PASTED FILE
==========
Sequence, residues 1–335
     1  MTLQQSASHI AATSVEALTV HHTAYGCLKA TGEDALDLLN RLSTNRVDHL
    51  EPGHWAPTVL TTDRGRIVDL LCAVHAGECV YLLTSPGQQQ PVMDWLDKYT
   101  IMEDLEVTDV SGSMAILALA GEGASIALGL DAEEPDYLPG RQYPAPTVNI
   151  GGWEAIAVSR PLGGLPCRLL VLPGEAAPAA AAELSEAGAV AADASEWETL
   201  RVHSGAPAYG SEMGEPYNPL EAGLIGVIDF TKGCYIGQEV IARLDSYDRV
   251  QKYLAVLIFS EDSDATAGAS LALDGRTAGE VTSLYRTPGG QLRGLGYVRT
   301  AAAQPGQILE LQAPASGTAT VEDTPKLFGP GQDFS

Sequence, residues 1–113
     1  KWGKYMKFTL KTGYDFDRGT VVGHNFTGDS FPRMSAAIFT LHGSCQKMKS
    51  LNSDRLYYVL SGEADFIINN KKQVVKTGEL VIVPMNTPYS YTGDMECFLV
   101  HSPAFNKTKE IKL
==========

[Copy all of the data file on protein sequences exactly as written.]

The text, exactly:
Sequence, residues 1–335
     1  MTLQQSASHI AATSVEALTV HHTAYGCLKA TGEDALDLLN RLSTNRVDHL
    51  EPGHWAPTVL TTDRGRIVDL LCAVHAGECV YLLTSPGQQQ PVMDWLDKYT
   101  IMEDLEVTDV SGSMAILALA GEGASIALGL DAEEPDYLPG RQYPAPTVNI
   151  GGWEAIAVSR PLGGLPCRLL VLPGEAAPAA AAELSEAGAV AADASEWETL
   201  RVHSGAPAYG SEMGEPYNPL EAGLIGVIDF TKGCYIGQEV IARLDSYDRV
   251  QKYLAVLIFS EDSDATAGAS LALDGRTAGE VTSLYRTPGG QLRGLGYVRT
   301  AAAQPGQILE LQAPASGTAT VEDTPKLFGP GQDFS

Sequence, residues 1–113
     1  KWGKYMKFTL KTGYDFDRGT VVGHNFTGDS FPRMSAAIFT LHGSCQKMKS
    51  LNSDRLYYVL SGEADFIINN KKQVVKTGEL VIVPMNTPYS YTGDMECFLV
   101  HSPAFNKTKE IKL